Nico Rosberg has joined the ranks of the late Graham Hill and Ayrton Senna by claiming a third successive victory at the Monaco Grand Prix, beating home Ferrari’s Sebastian Vettel and Mercedes teammate Lewis Hamilton.
In truth, it was the least convincing of the German’s wins on the street circuit, with victory handed to him after a shocking decision from the pit wall to call race-long leader Lewis Hamilton into the pits for afresh set of tyres during a late Safety Car interruption.
Hamilton had utterly dominated the race until that point, launching cleanly from pole position before steadily pulling away from the chasing Rosberg and Vettel.
By the late stages of the race – and despite concerns over rising brake temperatures – the championship leader had a lead of over twenty seconds to Rosberg and looked set to break what has been something of a hoodoo at the circuit where he’s only claimed one podium since his 2008 race win.
A huge accident for Max Verstappen at Sainte Devote changed the complexion of what had been a rather dull and processional race until that point. The Dutch teenager had made a second tyre stop, swapping to the Super Soft Pirelli tyres and was on a rapid charge. Having further underlined his already impressive credentials with bold overtaking moves on Pastor Maldonado and Nico Hülkenberg, the next man in his sights was Lotus’ Romain Grosjean.
He made a late lunge at the end of the start/finish straight, but misjudged the move and clobbered the back of the Frenchman’s Lotus. The contact ripped the front left wheel off Verstappen’s car, and he ploughed head-on into the barriers at the circuit’s first corner. Fortunately he emerged uninjured, but the Safety Car was dispatched so the marshals could extricate his STR10 which had been buried in the Safer barriers.
Then came one of the more inexplicable strategic calls to have been witnessed at Monaco. At a circuit where track position is absolutely key, Mercedes called Hamilton in to switch him back to Super Soft tyres on the run to the chequered flag.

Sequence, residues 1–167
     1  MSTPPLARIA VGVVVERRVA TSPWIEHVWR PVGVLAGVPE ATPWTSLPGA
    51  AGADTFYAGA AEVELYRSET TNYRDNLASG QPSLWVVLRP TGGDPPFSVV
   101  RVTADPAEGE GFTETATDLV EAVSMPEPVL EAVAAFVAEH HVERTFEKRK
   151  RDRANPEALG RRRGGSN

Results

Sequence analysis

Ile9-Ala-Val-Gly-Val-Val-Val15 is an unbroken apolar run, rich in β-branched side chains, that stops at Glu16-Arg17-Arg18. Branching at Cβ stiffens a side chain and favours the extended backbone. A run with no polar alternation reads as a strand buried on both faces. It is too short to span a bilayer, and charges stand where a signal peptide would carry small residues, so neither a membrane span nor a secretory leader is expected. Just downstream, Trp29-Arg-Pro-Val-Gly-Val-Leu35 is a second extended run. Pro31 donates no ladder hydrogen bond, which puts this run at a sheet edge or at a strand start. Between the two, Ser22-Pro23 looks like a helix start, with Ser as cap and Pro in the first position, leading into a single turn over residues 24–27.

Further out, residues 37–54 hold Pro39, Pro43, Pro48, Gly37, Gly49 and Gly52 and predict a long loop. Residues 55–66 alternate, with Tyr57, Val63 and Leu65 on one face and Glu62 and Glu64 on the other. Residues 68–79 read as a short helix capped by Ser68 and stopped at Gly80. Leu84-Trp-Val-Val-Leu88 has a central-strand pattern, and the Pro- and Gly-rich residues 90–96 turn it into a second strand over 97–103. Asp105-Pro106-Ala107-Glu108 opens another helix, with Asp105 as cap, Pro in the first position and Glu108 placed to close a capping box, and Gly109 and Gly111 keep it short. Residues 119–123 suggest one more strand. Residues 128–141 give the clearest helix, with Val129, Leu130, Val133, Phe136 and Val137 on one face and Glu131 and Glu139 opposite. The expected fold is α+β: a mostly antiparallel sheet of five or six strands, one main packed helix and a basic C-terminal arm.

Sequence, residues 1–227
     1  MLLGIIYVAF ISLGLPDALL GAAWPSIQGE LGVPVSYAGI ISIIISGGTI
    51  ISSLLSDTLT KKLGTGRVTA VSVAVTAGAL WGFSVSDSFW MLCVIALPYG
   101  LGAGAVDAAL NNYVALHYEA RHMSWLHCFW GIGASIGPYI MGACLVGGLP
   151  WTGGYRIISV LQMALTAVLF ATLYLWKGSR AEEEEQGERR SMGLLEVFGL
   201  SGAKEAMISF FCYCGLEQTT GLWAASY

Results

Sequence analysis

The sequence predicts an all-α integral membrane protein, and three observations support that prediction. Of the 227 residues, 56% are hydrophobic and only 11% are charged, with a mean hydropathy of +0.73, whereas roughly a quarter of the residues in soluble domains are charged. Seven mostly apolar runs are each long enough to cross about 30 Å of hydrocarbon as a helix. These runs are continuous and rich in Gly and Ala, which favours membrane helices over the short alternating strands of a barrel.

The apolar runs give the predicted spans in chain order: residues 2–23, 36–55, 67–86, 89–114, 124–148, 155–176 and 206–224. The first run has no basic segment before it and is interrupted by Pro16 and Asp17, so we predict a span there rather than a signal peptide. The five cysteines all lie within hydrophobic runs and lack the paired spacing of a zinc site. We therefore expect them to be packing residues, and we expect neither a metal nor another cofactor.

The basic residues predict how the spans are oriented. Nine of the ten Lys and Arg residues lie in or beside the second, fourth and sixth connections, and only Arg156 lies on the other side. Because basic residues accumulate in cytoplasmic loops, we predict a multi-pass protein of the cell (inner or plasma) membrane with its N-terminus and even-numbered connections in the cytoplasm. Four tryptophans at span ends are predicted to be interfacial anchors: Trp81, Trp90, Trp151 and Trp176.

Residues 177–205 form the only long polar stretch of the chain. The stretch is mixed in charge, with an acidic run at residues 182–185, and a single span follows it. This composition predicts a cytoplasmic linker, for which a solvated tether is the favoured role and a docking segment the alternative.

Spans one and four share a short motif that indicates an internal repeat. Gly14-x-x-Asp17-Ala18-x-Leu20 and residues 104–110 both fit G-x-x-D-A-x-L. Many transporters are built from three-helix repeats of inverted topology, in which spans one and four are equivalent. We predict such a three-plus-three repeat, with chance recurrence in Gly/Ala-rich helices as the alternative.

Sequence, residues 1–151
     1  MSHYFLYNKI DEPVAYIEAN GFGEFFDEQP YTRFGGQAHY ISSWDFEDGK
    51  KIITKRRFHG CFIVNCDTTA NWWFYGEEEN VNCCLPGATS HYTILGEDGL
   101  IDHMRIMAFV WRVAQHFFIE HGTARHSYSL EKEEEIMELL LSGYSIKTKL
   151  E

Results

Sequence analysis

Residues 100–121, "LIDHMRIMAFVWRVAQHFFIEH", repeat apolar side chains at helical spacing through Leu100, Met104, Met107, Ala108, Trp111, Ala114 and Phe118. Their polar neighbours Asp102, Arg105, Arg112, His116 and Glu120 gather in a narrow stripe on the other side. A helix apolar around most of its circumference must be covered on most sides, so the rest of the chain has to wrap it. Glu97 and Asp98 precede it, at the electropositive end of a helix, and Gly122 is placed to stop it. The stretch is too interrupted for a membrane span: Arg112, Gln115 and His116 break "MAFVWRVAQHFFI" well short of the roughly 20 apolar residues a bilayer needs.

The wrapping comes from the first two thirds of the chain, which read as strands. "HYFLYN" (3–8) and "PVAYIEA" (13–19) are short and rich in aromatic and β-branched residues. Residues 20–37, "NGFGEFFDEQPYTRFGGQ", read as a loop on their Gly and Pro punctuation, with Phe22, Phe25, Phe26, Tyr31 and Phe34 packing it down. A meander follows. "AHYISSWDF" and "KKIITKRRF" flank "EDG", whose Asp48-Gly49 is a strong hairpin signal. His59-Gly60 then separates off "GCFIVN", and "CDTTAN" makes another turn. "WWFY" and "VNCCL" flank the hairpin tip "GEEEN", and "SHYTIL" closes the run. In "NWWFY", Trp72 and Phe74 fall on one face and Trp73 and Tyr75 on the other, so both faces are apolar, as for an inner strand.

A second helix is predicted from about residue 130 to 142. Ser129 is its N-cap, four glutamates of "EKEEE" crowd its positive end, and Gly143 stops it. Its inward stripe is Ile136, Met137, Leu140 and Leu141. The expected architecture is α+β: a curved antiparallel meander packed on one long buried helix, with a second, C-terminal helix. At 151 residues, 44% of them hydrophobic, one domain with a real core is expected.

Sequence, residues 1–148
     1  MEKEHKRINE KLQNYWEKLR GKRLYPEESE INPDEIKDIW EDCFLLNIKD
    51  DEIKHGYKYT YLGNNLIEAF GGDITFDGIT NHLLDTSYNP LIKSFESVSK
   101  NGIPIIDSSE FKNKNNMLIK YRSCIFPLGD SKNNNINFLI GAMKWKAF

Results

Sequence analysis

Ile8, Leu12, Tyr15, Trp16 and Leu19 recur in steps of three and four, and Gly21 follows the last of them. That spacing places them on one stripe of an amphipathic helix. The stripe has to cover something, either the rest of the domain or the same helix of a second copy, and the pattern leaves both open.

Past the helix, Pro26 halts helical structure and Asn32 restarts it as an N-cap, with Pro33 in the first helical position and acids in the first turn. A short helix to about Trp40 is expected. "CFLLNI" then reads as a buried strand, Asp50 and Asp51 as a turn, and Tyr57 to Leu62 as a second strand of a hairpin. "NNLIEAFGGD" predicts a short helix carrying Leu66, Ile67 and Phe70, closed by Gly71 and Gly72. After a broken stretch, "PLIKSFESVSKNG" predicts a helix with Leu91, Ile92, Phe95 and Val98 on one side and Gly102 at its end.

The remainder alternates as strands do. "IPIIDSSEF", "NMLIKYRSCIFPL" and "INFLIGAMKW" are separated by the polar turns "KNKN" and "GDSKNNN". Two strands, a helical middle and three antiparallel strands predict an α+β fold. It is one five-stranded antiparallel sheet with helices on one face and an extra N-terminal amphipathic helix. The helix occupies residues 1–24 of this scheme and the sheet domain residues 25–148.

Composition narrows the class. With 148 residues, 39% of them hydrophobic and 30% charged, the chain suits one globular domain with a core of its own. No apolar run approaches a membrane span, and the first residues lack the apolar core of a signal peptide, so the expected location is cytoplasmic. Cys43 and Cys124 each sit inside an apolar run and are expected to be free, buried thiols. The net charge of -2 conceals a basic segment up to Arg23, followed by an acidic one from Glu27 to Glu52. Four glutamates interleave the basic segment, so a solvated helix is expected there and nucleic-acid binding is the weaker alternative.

His lead wasn’t enough to have him emerge back in front, and he narrowly slotted into third place behind Vettel’s Ferrari. With the race resuming with a handful of laps to run, Hamilton’s hopes were destroyed.
No amount of apologising from the team’s engineers and senior figureheads could change the fact that this was a victory lost by a terrible decision in the heat of the moment. Hamilton’s expression on the podium said it all, although he did at least keep his cool in the podium interviews and showed a measure of grace rarely seen by drivers who’ve been shafted by a shocking strategy call.
Daniil Kvyat finished a career-best fourth for Red Bull Racing, inheriting the position from teammate Daniel Ricciardo, who was allowed past the Russian in the late stages of the race so he could have a crack at the Vettel/Hamilton scrap for second. The Australian clocked the fastest lap of the race while giving chase, but couldn’t get close enough to attempt a passing move on a frustrated Hamilton.
Kvyat had the advantage over Ricciardo for almost all of the race, making a blinding start from fifth on the grid to outbrake the Australian into the first corner. The youngster pitted much earlier than Ricciardo in switching to the Soft Pirelli tyres, and made the undercut work by easily keeping track position when the team leader made his visit to the pits.
Ferrari driver Kimi Räikkönen and Force India’s Sergio Pérez finished where they started in sixth and seventh respectively, although Räikkönen was frustrated at a rather rough pass by Ricciardo at Mirabeau where the two drivers came close to interlocking wheels.